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What Goes Into an Appraisal?

A home purchase can be the most important financial decision some of us might ever make. It doesn't matter if a primary residence, a second vacation property or an investment, the purchase of real property is a detailed financial transaction that requires multiple parties to pull it all off.

Most people are familiar with the parties taking part in the transaction. The most recognizable person in the transaction is the real estate agent. Next, the lender provides the money necessary to bankroll the deal. And the title company ensures that all requirements of the transaction are completed and that the title is clear to transfer from the seller to the purchaser.

To learn more about appraising, click here to see a short video or call us today to talk about your specific property.

So, who's responsible for making sure the value of the property is consistent with the amount being paid? In comes the appraiser. We provide an unbiased opinion of what a buyer could expect to pay — or a seller receive — for a parcel of real estate, where both buyer and seller are informed parties. A licensed, certified, professional appraiser from The August Group Inc. will ensure, you as an interested party, are informed.

Appraisals begin with the home inspection

To ascertain the true status of the property, it's our responsibility to first conduct a thorough inspection. We must actually view features, such as the number of bedrooms and bathrooms, the location, amenities, etc., to ensure they truly are there and are in the shape a typical buyer would expect them to be. To ensure the stated size of the property has not been misrepresented and illustrate the layout of the house, the inspection often entails creating a sketch of the floorplan. Most importantly, the appraiser looks for any obvious features - or defects - that would have an impact on the value of the house.

Back at the office, an appraiser uses two or three approaches to determining the value of real property: a paired sales analysis, a replacement cost calculation, and an income approach when rental properties are prevalent.

Cost Approach

This is where we analyze information on local construction costs, labor rates and other elements to figure out how much it would cost to build a property comparable to the one being appraised. This value often sets the maximum on what a property would sell for. It's also the least used predictor of value.

Paired Sales Analysis

Appraisers become very familiar with the communities in which they work. They innately understand the value of specific features to the residents of that area. Then, the appraiser researches recent transactions in the area and finds properties which are 'comparable' to the real estate in question. By assigning a dollar value to certain items such as square footage, additional bathrooms, hardwood floors, fireplaces or view lots (just to name a few), we adjust the comparable properties so that they more accurately match the features of subject property.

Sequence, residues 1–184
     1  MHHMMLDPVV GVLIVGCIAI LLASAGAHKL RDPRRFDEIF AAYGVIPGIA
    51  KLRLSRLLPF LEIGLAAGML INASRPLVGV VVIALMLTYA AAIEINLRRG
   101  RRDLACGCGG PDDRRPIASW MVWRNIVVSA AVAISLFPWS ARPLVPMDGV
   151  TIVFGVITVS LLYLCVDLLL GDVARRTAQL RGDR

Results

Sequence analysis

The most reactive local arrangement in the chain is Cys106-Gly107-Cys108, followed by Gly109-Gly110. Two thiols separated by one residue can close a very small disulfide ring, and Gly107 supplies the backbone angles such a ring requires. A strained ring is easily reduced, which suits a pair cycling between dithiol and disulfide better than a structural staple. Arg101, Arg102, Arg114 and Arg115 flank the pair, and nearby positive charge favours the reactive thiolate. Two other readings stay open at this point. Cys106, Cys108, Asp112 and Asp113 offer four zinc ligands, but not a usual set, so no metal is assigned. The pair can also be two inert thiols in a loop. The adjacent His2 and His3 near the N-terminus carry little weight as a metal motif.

• Say, for example, the comparable property has an extra half bath that the subject does not, the appraiser may subtract the value of that half bath from the sales price of the comparable.
  • In the case where the subject has something such as an extra half bath that a comparable doesn't have, the appraiser might add the value of that bath to the comparable property.

An opinion of what the subject might sell for can only be determined once all differences between the comps and the subject have been evaluated. When it comes to putting a value on features of homes in St Louis and Saint Louis, The August Group Inc. is your local authority. This approach to value is typically given the most weight when an appraisal is for a real estate sale.

Valuation Using the Income Approach

A third method of valuing a property is sometimes employed when an area has a measurable number of rental properties. In this case, the amount of revenue the real estate generates is factored in with income produced by neighboring properties to give an indicator of the current value.

Arriving at a Value Conclusion

Analyzing the data from all approaches, the appraiser is then ready to state an estimated market value for the property in question. The estimate of value at the bottom of the appraisal report is not always the final sales price even though it is likely the best indication of a property's valueThere are always mitigating factors such as the seller's desire to get out of the property, urgency or 'bidding wars' that may adjust the final price up or down. But the appraised value is often used as a guideline for lenders who don't want to loan a buyer more money than they could recover in the event they had to sell the property again. At the end of the day, an appraiser from The August Group Inc. will guarantee you discover the most fair and balanced property value, so you can make profitable real estate decisions.